Mar. 21, 2017: Prediction from 1st Mar., 2017
The SINTEX-F predicts that a moderate-to-strong El Niño event may start in early summer this year and reach its peak in winter. If this happens, it may suggest a decadal turnabout in the tropical Pacific climate condition to El Niño-like state after a long spell of La Niña-like state. Such natural climate variability may double the global warming impact as we observed during the period from 1976 through 1998. We need to be prepared well to this possible decadal climate regime shift.
Indian Ocean forecast:
Occurrence of a positive Indian Ocean Dipole is also clearly predicted by the SINTEX-F seasonal prediction system; the ensemble mean prediction suggests its evolution in summer and its height in fall. We may observe co-occurrence of a positive Indian Ocean Dipole and an El Niño in the latter half of 2017; this is just as we observed in 1997 and 2015.
On a seasonal scale, most part of the globe will experience a warmer-than-normal condition, while some parts of southern Canada and northern U. S., and northern Brazil will experience a colder-than-normal condition in the boreal spring. In the boreal summer, most parts of the globe will experience a hotter-than-normal condition. On the other hand, some parts of Europe, central Russia, and northern Australia will experience a cooler-than-normal condition.
As regards the seasonally averaged rainfall, a wetter-than-normal condition is predicted for western part of Brazil during the boreal spring, whereas most parts of southeastern China, Indonesia, eastern Brazil, southern Australia and Europe will experience a drier condition during the boreal spring. In the boreal summer, most parts of Indonesia, India, Australia, southeastern China, Mexico, and northern Brazil will experience a drier-than-normal condition, due to co-occurrence of the El Niño and the positive Indian Ocean Dipole.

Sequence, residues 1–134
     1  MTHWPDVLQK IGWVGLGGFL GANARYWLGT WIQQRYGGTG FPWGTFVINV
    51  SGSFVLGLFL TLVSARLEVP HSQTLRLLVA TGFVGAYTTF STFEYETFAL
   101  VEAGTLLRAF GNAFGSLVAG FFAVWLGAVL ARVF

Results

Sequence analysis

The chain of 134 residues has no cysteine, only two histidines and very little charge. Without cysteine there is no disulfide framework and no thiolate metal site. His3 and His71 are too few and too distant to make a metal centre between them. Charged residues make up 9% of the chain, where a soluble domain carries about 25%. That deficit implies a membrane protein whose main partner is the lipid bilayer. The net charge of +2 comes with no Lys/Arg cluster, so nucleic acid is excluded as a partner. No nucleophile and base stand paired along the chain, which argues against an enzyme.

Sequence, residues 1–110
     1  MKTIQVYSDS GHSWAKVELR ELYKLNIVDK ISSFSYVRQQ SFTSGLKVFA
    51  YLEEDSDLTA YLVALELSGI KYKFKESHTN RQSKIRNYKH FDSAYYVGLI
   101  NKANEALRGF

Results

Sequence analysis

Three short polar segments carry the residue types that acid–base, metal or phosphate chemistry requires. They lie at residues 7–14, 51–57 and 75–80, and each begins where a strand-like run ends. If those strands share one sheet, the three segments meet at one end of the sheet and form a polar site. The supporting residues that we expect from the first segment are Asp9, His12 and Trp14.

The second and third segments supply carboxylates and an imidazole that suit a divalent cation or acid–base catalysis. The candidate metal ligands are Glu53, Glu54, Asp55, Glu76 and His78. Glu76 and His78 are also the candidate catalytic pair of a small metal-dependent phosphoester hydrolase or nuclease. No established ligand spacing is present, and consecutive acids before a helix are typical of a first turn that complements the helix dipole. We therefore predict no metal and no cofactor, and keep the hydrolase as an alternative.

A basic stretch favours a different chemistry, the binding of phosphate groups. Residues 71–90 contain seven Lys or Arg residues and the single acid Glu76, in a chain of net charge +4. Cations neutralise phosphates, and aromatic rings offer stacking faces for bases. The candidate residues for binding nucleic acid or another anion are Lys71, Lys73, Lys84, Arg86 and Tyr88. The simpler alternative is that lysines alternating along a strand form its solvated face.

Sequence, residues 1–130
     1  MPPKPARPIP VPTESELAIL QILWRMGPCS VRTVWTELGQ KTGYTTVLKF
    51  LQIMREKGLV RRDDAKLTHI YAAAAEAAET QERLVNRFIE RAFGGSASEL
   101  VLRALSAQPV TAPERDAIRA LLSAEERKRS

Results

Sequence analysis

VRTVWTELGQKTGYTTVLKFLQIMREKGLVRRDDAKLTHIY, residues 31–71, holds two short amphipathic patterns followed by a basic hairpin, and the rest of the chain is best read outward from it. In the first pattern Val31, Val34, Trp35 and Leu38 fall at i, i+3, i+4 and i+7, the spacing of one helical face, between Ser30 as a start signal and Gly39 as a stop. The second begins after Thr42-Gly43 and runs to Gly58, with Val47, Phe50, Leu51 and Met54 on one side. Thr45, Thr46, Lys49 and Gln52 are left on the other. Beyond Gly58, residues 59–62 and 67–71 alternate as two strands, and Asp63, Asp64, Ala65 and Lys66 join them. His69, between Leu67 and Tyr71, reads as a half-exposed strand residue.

Most parts of Japan will be in a warmer and drier-than-normal condition in the boreal spring. In boreal summer, we expect a wetter-than-normal and slightly hotter-than-normal condition due to development of the positive Indian Ocean Dipole and El Niño; El Niño influences may be cancelled due to development of the positive Indian Ocean Dipole and vice versa.
Here is the most recent Nino 3.4 report from the Australian BOM.
This is basically the same forecast as other agencies but with a different threshold for considering a SSTA to be either La Nina. Note their forecast is showing borderline El Nino levels starting in April and moving much higher from July through Dec 2017 which is the limit of what is shown on the map.
Now the Comparison of the NOAA and JAMSTEC Forecasts. I am only discussing the differences for CONUS since NOAA does not cover the World in this set of forecasts. But the JAMSTEC World forecast is here for you to see and I comment on the highlights of that forecast also.
JAMSTEC works in three-month intervals and does not change the selection of months each time they update. So we have MAM, JJA, and SON to work with from JAMSTEC. So this month things do not line up perfectly for the first three-month period. In two out of three months they do not line up perfectly and this is one of the two months where it is not exactly the same three months. That should not make much difference.
In the past I showed the JAMSTEC forecast map first and commented on it and then I showed the NOAA map and commented on it and compared it to the JAMSTEC map that was above the NOAA map. Last month I changed the sequence and I am again showing the NOAA maps first.